Coconuts have a very hard shell that can be used in many different ways, a new suggestion by a team of researchers says that the really good part of the shell is the coconut’s husk which can be turned into car parts.
The approach has potential because coconuts are an abundant, renewable resource in all countries near the equator, including the Philippines, Indonesia and India. The husks are burned or thrown away, generating garbage. This is the first time that coconut fibers have been used to make these automotive products, said Walter Bradley, an engineering professor who is leading the project.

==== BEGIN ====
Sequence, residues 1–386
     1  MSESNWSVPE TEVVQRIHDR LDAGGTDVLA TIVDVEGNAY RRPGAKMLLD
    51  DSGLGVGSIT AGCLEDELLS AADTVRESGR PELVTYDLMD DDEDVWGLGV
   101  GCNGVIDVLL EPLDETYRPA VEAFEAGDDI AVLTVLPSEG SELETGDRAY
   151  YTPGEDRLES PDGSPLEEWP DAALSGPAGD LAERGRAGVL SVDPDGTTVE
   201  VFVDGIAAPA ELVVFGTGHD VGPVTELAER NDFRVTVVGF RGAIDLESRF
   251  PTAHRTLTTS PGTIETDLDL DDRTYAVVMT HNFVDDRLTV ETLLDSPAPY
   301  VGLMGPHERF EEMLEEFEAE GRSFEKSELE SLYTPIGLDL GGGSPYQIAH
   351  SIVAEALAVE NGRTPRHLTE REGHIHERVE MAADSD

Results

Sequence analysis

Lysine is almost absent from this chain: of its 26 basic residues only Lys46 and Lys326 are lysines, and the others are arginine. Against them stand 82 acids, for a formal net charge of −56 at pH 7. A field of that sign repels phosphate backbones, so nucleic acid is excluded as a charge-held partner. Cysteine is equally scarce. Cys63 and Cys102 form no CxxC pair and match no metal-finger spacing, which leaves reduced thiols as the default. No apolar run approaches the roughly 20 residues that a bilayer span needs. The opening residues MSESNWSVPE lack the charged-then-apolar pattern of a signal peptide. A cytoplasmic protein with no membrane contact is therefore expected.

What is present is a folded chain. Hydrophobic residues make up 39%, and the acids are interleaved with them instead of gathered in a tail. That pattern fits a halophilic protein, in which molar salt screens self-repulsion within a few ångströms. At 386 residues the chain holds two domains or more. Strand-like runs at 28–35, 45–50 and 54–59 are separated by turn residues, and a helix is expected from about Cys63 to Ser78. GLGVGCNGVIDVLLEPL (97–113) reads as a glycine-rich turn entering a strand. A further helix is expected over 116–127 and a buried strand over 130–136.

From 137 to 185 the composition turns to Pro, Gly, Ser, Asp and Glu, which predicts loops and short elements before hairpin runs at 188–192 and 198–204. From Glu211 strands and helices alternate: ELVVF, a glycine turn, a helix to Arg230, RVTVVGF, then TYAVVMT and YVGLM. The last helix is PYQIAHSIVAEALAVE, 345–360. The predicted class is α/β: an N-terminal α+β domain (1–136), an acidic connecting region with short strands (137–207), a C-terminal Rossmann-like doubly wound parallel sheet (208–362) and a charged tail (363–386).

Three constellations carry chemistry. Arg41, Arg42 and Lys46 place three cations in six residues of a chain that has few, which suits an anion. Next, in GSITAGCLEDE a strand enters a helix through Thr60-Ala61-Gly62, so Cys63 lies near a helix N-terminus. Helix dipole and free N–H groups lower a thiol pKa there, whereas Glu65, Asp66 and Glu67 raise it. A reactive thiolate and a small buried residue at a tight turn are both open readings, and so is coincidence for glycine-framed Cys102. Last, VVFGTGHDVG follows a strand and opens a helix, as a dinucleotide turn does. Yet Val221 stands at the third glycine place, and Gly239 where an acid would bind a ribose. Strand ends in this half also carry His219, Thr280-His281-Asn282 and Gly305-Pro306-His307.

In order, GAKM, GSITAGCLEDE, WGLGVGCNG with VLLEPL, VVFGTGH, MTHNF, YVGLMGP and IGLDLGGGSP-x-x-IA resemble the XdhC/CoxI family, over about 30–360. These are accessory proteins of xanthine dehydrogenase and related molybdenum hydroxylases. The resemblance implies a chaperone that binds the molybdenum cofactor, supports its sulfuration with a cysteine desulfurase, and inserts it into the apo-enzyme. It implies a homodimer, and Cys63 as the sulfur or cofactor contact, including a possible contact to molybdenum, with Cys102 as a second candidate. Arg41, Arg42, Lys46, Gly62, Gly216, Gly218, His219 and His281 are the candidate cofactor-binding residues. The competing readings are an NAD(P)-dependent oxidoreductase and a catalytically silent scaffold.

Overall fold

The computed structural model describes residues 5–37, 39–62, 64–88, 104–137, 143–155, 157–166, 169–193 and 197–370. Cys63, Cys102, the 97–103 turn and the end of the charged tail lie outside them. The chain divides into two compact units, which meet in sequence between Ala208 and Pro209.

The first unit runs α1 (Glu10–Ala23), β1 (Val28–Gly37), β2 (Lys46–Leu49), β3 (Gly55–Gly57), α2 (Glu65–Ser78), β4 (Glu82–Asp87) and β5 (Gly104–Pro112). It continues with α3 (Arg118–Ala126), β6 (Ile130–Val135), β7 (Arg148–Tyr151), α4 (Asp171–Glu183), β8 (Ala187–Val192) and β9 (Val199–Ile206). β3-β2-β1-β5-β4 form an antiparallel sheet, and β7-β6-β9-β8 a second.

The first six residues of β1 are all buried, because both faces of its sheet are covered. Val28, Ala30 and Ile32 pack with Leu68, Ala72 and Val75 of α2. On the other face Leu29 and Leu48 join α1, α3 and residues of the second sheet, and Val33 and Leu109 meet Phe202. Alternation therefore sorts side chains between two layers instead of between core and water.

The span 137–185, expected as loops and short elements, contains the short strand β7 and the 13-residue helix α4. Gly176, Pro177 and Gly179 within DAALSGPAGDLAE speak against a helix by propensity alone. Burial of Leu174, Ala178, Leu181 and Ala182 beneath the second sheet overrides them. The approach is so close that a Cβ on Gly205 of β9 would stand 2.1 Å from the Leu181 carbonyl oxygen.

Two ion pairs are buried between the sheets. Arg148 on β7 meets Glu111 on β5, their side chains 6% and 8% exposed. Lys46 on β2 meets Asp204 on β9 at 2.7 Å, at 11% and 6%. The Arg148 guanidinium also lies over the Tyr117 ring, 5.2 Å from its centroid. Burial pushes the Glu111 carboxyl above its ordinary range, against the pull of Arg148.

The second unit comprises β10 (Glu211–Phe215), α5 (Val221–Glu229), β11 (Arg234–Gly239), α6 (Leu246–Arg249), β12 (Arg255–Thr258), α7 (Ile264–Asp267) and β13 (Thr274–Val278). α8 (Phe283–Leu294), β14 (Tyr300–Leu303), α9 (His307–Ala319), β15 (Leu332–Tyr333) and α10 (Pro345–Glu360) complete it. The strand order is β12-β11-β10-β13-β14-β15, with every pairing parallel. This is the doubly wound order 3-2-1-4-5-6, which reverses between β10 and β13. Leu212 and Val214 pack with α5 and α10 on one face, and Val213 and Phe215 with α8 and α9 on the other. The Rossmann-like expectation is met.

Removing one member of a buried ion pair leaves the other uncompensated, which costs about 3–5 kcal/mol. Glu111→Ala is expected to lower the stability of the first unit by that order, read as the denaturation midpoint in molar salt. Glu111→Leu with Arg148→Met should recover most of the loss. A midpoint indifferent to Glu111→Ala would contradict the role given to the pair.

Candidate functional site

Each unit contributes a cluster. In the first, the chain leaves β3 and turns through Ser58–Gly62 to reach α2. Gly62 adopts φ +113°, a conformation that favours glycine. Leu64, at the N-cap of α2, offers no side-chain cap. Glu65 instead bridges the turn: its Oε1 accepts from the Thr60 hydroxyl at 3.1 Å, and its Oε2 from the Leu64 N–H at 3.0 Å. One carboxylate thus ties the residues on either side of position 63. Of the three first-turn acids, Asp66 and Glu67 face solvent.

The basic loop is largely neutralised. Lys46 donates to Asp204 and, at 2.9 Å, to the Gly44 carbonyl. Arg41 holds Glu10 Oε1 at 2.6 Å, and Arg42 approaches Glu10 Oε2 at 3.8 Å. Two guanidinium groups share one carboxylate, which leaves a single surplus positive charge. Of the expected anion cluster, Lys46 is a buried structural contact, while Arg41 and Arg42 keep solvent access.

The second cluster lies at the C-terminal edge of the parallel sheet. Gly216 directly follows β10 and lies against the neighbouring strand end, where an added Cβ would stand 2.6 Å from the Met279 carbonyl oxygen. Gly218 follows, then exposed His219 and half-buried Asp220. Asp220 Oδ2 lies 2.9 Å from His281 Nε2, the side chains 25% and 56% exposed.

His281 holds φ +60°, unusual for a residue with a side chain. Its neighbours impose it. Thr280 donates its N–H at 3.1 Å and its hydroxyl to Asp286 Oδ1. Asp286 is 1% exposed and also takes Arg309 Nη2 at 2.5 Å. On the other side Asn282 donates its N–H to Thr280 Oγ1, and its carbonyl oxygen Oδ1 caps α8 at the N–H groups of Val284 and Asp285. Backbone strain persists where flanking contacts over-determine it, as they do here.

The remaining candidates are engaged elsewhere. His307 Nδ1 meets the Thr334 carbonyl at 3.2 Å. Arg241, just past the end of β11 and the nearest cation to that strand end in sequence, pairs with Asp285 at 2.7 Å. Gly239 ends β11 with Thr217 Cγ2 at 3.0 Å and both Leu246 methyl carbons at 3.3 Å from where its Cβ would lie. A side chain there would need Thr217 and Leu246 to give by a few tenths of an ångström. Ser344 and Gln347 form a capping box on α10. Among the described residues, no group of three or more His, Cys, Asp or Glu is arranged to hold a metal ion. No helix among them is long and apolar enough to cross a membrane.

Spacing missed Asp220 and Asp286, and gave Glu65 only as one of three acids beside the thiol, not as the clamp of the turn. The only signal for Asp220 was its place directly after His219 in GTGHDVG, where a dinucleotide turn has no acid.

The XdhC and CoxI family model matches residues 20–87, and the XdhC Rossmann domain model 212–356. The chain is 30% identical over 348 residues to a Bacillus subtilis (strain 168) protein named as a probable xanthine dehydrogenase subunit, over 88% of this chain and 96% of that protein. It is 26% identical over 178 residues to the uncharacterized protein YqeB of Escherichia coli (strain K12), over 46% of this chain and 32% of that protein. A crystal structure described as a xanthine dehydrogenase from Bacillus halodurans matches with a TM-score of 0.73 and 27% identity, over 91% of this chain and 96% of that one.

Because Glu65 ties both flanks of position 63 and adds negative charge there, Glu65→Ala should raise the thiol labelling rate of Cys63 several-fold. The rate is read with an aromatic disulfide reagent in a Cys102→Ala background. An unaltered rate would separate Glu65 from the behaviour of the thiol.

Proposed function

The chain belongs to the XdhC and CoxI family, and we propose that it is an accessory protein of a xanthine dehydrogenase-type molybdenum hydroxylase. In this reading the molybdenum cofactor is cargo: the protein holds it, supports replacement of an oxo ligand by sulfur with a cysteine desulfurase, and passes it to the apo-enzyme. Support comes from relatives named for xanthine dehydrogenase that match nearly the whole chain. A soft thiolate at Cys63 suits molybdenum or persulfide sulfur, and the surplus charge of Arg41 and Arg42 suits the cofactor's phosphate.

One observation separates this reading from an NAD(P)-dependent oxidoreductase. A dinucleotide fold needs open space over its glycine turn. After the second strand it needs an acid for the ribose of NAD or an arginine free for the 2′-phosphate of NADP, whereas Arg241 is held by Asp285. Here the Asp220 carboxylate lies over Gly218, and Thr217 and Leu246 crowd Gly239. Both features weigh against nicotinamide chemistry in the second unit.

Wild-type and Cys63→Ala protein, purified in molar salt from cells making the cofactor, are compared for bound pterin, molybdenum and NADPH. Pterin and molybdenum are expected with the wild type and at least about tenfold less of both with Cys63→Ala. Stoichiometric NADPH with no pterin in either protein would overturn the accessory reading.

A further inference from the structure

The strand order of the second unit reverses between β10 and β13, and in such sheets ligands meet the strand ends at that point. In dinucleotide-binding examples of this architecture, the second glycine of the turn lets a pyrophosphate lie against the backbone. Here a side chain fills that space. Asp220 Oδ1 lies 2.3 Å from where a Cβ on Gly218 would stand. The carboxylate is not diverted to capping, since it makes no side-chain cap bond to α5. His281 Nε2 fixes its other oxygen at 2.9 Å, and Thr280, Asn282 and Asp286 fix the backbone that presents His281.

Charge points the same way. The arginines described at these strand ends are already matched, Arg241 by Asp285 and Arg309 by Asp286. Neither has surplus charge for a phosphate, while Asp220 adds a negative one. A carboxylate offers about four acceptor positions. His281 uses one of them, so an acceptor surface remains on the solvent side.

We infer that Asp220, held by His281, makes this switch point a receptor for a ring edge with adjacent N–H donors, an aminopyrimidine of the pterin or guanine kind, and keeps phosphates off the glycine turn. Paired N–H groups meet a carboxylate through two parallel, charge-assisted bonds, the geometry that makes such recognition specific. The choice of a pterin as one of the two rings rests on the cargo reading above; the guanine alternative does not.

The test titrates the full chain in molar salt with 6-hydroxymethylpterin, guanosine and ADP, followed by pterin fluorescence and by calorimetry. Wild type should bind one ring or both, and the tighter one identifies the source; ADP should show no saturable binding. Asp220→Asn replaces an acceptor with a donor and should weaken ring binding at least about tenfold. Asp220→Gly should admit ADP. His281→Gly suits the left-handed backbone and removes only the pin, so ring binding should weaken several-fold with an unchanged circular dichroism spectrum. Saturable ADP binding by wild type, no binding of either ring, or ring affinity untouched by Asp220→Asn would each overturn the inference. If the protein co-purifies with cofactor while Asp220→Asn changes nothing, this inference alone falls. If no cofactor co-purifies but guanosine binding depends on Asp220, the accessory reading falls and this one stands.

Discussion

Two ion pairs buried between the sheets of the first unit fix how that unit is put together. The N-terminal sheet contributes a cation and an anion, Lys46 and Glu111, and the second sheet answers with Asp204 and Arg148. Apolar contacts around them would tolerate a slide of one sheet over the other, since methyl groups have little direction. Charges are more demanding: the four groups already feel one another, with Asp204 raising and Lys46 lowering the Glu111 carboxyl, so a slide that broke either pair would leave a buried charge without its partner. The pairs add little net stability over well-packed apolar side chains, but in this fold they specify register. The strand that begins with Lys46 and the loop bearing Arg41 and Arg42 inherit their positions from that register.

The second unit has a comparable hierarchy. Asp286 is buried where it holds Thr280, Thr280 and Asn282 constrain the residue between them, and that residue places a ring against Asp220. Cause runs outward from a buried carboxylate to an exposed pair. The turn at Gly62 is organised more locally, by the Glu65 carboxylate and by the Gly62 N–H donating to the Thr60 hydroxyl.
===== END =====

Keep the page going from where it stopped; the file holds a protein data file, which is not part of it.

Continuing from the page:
In Ghana, as one of Bradley’s students told him, the discarded husks pile up in mounds, creating a health hazard because they collect water where malaria-causing mosquitoes can breed.
“We are trying to turn trash into cash to help poor coconut farmers,” Bradley said, adding that the long-term goal is to increase demand for coconuts to millions of pounds, and thereby raise their market price.
Currently, there are about 11 million coconut farmers in the world making an average annual income of $500, he said.